Family key to Fort Lewis Soldier's recovery
November 26, 2008
By Bob Reinert
FORT LEWIS, Wash. - Much the same as other American families, the Turnbulls look forward to the holiday season.
Andrew and Sunee Turnbull have been married 10 years and have three sons ranging in age from 5 to 14. Late last week, Sunee, 30, was getting ready to deliver an early gift - Sara, their first daughter. This Army family of six should all be together for Christmas.
Last year at this time, however, things were a bit less settled for the Turnbulls. Andrew, 31, had recently returned home from his second deployment to Iraq with extensive injuries suffered when a hand grenade blew up inside his Stryker vehicle. Along with physical wounds, he had post-traumatic stress disorder.
"It was pretty bad a year ago when he came home," Sunee recalled. "He would not come out of the bedroom. That was his safe point, to be up there away from everybody.
"Christmas was really bad for him last year. During Christmas was the worst I'd ever seen him."
Though never much of a drinker, Andrew was doing his share back then to deal with the physical and mental pain he felt.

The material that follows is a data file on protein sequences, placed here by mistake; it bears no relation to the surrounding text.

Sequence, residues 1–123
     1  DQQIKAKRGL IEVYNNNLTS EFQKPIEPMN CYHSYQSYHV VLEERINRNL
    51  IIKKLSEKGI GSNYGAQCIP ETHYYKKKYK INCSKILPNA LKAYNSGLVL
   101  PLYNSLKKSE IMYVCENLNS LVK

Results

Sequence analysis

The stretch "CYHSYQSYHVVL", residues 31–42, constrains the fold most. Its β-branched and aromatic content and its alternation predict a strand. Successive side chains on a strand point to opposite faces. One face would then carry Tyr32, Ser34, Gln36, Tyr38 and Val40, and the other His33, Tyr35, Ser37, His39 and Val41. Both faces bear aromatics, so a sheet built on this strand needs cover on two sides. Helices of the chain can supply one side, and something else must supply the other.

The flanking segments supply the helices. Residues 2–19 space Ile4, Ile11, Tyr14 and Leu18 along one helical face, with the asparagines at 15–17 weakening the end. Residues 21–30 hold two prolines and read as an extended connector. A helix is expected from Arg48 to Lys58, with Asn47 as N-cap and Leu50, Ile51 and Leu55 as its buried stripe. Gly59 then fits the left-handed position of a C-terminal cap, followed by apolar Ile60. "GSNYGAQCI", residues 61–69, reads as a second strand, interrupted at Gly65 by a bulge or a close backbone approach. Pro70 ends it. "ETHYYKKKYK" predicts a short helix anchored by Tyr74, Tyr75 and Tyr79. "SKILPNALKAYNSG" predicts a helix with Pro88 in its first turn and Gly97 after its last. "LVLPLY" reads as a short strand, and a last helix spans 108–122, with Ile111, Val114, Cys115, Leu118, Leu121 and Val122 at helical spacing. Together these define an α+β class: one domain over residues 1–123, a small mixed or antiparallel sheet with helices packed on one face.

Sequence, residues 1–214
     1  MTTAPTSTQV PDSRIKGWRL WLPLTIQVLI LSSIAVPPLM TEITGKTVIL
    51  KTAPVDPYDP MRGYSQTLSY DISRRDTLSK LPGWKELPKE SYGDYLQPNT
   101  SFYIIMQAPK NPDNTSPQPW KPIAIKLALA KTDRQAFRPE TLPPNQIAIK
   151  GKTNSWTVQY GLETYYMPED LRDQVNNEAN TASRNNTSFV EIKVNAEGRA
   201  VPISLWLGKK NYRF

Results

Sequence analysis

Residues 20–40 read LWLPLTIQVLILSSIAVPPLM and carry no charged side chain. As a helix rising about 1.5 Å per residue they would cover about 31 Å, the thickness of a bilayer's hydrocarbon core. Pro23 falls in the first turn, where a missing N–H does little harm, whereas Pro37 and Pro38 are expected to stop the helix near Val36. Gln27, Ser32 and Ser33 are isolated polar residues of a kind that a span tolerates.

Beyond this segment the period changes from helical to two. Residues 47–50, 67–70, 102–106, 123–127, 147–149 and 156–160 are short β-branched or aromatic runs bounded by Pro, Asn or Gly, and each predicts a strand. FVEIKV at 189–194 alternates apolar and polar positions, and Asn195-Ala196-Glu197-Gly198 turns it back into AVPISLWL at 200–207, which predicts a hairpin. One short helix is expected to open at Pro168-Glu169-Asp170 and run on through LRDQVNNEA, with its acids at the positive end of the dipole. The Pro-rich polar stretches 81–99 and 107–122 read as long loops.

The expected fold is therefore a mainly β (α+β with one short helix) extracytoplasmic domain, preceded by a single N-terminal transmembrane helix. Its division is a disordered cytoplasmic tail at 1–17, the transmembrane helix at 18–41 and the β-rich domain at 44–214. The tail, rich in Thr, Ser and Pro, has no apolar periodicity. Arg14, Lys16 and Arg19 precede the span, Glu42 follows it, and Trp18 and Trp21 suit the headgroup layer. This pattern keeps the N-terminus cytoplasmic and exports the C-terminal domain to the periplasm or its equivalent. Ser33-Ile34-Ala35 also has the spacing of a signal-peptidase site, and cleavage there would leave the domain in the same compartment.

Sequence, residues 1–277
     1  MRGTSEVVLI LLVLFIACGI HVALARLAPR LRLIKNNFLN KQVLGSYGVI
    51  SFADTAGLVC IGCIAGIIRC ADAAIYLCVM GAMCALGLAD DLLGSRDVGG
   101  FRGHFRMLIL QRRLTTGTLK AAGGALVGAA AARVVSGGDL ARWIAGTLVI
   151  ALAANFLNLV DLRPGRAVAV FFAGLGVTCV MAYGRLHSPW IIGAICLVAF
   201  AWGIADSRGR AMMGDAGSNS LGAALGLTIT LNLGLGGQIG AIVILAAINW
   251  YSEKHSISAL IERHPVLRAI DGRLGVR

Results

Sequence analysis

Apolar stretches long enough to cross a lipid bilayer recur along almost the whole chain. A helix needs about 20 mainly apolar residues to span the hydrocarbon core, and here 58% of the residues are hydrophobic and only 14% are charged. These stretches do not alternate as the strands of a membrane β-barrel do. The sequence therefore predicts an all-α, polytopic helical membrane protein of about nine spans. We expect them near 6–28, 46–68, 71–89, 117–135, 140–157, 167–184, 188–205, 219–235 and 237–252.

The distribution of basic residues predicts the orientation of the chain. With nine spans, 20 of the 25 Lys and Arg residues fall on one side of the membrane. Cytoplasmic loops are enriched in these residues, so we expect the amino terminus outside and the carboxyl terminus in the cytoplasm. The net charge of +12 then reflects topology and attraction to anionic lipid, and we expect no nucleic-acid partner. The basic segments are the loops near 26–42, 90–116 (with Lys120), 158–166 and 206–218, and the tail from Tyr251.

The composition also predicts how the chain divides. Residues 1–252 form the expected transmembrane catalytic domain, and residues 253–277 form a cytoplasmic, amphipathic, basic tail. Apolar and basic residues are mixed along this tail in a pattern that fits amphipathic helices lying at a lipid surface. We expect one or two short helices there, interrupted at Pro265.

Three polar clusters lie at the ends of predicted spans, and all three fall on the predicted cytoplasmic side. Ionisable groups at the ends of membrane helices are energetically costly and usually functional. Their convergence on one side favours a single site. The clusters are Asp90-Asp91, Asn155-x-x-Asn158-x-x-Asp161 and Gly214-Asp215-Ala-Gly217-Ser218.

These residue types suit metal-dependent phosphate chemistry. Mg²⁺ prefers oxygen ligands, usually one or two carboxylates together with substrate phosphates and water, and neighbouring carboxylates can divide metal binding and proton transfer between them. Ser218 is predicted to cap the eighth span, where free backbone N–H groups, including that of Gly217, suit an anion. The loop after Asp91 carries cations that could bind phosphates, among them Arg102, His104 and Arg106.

"I even carried a flask around with me," Andrew said.
Sunee asked him to stop.
"So I stopped," said Andrew, who has come a long way from that low point. A sergeant first class assigned to the Warrior Transition Battalion at Fort Lewis, he attends Pierce College classes at Stone Education Center and volunteers as a youth sports coach. He said he would like to teach high school history when he retires from the Army.
Loud noises don't bother Andrew nearly as much as when he first got back from Iraq. The smell of food cooking doesn't remind him of burning flesh anymore. And he now can drive more comfortably off post.
"I'd look for IEDs," Andrew said of the early days of his return. "When cars (were) too close to me, it would just freak me out. It's not that bad anymore."
Looking back, Andrew can see clearly how important family was to his recovery.
"I didn't want to talk to anybody, but when you have a wife and kids, you have no choice," Andrew said. "They're right there, 24/7. So it makes it easier, because you have to interact."
Andrew began telling his wife about his experiences in Iraq.
"It's a lot easier to be able to talk to your spouse about things that you don't tell your friends," Andrew said. "You have that bond that's greater than a friend or a best friend, because you share everything intimately."
He doesn't burden his children with memories of war, but Andrew makes certain to stay open to them in other ways.
"You definitely want to be on the ball with the children," Andrew said. "You don't want to stop doing what you used to do with them. It will hurt the children."
Sunee pointed out that Andrew is much less aggressive now than when he first returned from Iraq.
"He loses his temper just the same," she said, "but he recovers from it better."
Through it all, Andrew's loved ones kept him grounded.
"I didn't want to hurt my family," Andrew said. "That's the last thing I ever want to do is hurt my wife and children."
Bob Reinert is a reporter with Fort Lewis' Northwest Guardian.